ARTICLE: GUROL SOZEN PHOTO: ALI KONYALI
Legend-shrouded peaks of Anatolia
Turkey’s Kaz Dağları
Delve into them from Altınoluk or Avcılar, from Tahtakuşlar, Güre or Zeytinli, and let the waters, forests and clouds take you back to all the things you have forgotten.
The unknown geography of Anatolia, the geography we only think we know, preserves its mystery on every journey. Especially when the landscape affords a glimpse into legends, rivers, clouds, passion, melancholy, and the exuberant rites of spring. The roads of Anatolia are neither straight, monotonous, smooth nor easy. If, that is, you decide to avoid risking your life on the main highways and stick to the back roads. A little dust and dirt, a little grass, a few wild flowers, plus pomegranates, apples and figs, not to mention, of course, the rivers. The real treasures of Anatolia are hidden on its back roads.
THE CALL OF THE WILD
Follow the salt waters of Edremit Bay and plunge directly into the Kaz Dağları (Goose Mountains), if, that is, you’re not barrelling non-stop down the divided highway between Altınoluk and Akçay. Dive in from Altınoluk if you like, or from Avcılar, Tahtakuşlar, Güre or Zeytinli. Make a brief stop at the first coffeehouse. Try to put out of your mind the rampant construction boom that is encroaching even on the sea, and follow the call of the wild.
When you come back to reality, raise your head slightly. Take it from me, the mountains are going to call you. If you can catch a glimpse of the sky from between the firs, the beeches and the British oaks, the white pines and black pines, the plane trees, the sloe trees and the lindens, it means you’ve already been hopelessly smitten with nature. Believe me, the sweet william, the meadow fescue, the wild roses and the cardoon, the nettles, the thyme, the rosehip and the jujube, not to mention the sage, sumac, coriander and canary bellflower and, beyond that, all those you can’t even identify in nature, are going to clinch your love of life.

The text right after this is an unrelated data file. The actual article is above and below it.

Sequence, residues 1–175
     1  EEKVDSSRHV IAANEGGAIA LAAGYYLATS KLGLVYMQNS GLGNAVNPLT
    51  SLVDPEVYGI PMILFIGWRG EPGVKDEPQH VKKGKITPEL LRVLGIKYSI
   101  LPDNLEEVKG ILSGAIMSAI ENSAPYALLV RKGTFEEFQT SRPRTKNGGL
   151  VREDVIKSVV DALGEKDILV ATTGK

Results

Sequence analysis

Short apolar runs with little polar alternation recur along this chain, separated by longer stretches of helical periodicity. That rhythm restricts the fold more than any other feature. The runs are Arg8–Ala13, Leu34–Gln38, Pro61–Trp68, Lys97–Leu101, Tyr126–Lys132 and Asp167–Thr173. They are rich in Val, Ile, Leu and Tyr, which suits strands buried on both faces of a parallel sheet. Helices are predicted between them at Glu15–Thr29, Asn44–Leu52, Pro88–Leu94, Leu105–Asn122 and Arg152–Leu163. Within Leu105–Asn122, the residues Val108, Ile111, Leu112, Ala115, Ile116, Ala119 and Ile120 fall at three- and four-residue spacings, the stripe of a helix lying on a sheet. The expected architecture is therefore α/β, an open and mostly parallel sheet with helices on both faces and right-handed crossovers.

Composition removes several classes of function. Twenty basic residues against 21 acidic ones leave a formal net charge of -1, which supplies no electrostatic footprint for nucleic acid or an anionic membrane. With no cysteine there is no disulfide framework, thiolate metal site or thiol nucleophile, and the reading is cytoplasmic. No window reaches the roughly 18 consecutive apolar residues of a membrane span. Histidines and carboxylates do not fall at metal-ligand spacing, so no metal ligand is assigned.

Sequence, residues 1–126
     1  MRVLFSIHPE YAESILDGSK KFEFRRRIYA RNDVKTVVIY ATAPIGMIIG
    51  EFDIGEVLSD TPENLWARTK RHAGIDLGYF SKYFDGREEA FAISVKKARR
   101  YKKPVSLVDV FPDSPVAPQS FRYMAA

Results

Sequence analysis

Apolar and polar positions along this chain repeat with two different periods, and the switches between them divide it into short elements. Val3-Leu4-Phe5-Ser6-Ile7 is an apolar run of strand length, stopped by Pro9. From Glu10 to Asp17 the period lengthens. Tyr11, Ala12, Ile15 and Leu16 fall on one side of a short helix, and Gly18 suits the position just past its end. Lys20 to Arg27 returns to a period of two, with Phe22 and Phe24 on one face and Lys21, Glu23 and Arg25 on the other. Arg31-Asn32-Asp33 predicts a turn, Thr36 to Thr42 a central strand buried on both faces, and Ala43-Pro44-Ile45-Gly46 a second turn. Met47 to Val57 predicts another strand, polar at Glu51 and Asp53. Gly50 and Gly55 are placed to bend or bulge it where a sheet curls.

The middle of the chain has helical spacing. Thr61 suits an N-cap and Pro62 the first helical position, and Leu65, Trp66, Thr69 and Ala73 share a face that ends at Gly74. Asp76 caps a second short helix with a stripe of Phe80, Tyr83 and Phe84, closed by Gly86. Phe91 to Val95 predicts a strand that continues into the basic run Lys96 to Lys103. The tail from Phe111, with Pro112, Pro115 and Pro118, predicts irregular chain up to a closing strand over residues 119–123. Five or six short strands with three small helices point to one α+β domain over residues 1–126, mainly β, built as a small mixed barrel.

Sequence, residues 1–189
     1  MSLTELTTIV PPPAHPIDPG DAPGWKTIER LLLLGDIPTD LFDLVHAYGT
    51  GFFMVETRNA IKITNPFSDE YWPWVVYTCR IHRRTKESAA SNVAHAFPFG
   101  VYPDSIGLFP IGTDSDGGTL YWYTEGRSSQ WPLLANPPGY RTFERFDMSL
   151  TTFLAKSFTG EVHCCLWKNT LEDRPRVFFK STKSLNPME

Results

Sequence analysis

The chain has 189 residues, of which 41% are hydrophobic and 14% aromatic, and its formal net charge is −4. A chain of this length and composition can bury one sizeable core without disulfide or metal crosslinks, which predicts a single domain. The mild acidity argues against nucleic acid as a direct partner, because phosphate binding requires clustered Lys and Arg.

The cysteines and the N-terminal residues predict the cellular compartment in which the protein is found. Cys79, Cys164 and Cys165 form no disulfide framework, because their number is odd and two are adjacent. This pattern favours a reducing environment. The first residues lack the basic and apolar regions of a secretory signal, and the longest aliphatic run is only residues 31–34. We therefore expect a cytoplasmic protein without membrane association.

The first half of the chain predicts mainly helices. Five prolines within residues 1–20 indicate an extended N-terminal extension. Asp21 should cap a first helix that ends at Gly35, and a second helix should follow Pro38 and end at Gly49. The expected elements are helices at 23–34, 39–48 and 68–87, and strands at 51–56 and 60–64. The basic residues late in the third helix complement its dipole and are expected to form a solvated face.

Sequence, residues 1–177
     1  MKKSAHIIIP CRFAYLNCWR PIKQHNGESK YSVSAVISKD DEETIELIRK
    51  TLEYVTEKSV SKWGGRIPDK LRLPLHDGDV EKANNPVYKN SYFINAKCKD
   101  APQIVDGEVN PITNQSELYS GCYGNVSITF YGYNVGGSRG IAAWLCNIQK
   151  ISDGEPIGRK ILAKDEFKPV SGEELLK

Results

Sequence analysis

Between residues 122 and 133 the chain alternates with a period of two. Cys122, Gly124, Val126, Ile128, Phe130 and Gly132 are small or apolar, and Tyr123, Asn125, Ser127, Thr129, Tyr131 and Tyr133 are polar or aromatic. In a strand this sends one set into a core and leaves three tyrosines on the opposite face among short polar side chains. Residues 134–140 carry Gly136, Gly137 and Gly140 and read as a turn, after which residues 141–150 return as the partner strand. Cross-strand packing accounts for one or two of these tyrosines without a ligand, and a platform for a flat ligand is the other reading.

But let’s drive a little further up the mountain roads. You can’t see the sky for the trees in any case! Keep your eyes to the ground instead and you’ll spot wild orchids, foxglove and wall pepper, which was surely the flower of Sarıkız or the Fair Maiden of legend. The courtyard where she vanished into the clouds is a bed of soft greenery with clumps of purple flowers. A natural feast whose attraction is not immediately evident, that does not give itself away readily.
Without slowing your pace, go on up to the peaks, following the flowers to the top of the mountain! On these mountain roads you will discover a host of streams and waterfalls such as Şahinderesi, Çifteşelale, Kızılkeçili Çayı, Hasanboğuldu, Sutüven Şelalesi, Yeşilgöl, Ismailoluğu and Manastır Çayı with evocative names like Falcon Stream, Red Goat Stream, Hasan Drowned and Green Lake. You may lose your way in the canyons, or fall under the spell of Mount Ida and the Kaz Dağları and be engulfed by the mystery of the waterfalls and of the trees that rise from the rivers and embrace the rocks in their arms. Promise that you won’t get lost in the wild forest cover of the canyon with its white petalled flowers! To tell the truth, your promise wouldn’t hold water! Even we, while we were shooting a documentary entitled ‘Green Peace’ for Ankara State Television, made many such promises to our director and our guides. But it wouldn’t have done for us not to lose our way amid the flowers along Şahinderesi in the National Park’s forest of firs, especially when our point was to conjure up the spell of nature and of Mt Ida and Sarıkız. And especially when it was Homer himself who described Zeus as the great god who ruled from Mt Ida.